Prayer: The Flower of Gentleness

“Prayer is the flower of gentleness and of freedom from anger.

Prayer is the fruit of joy and thankfulness.

Prayer is the remedy for gloom and despondency.

Do not pray that your own will may be done, for your will may not accord with the will of God. But pray as you have been taught, saying: Thy will be done in me. Pray to him in this way about everything – that his will be done. For he desires what is good and profitable for your soul, whereas you do not always ask for this. Often in my prayers I have asked for what I thought was good, and persisted in my petition, stupidly trying to force the will of God, instead of leaving it to him to arrange things as he knows best. But afterwards, on obtaining what I asked for, I was very sorry that I did not pray rather for God’s will to be done; because the thing turned out to be different from what I expected.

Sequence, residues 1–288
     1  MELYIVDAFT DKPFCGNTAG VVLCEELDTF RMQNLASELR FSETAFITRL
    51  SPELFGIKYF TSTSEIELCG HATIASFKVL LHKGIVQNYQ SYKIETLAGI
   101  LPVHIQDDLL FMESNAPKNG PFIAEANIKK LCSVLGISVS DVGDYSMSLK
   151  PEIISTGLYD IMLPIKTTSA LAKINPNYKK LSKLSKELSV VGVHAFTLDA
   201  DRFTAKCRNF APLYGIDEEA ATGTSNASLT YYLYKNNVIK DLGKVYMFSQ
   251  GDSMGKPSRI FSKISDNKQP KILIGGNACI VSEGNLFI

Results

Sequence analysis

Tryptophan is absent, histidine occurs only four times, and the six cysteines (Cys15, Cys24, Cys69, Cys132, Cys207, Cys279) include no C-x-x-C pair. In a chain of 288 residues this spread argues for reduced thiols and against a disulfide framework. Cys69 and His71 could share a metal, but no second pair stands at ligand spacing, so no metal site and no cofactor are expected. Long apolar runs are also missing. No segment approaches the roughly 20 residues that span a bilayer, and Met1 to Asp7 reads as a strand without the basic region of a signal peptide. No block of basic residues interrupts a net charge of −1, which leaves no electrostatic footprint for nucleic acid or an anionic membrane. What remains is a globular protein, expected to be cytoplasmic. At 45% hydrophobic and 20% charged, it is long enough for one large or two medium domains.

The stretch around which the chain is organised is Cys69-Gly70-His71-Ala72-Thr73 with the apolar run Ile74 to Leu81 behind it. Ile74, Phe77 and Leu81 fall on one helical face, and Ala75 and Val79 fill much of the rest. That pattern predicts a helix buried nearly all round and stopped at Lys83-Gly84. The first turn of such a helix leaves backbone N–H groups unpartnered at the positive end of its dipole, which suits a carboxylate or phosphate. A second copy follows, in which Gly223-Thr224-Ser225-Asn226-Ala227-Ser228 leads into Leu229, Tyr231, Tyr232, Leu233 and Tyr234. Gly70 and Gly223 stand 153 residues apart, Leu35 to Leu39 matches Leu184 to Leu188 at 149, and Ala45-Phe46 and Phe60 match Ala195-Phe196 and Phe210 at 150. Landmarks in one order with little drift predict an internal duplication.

What is good, except God? Then let us leave all our concerns to him, and all will be well. If you long for prayer, renounce all to gain all. At the time of trials and temptations, use a brief but intense prayer. When you are in the inner temple, pray not as the Pharisee, but as the publican. Strive never to pray against anyone. If when you are praying no other joy can attract you, then truly you have found prayer.”

(Evagrius of Pontus – d. 399AD, The Time of the Spirit: Readings Through the Christian Year, p 102)

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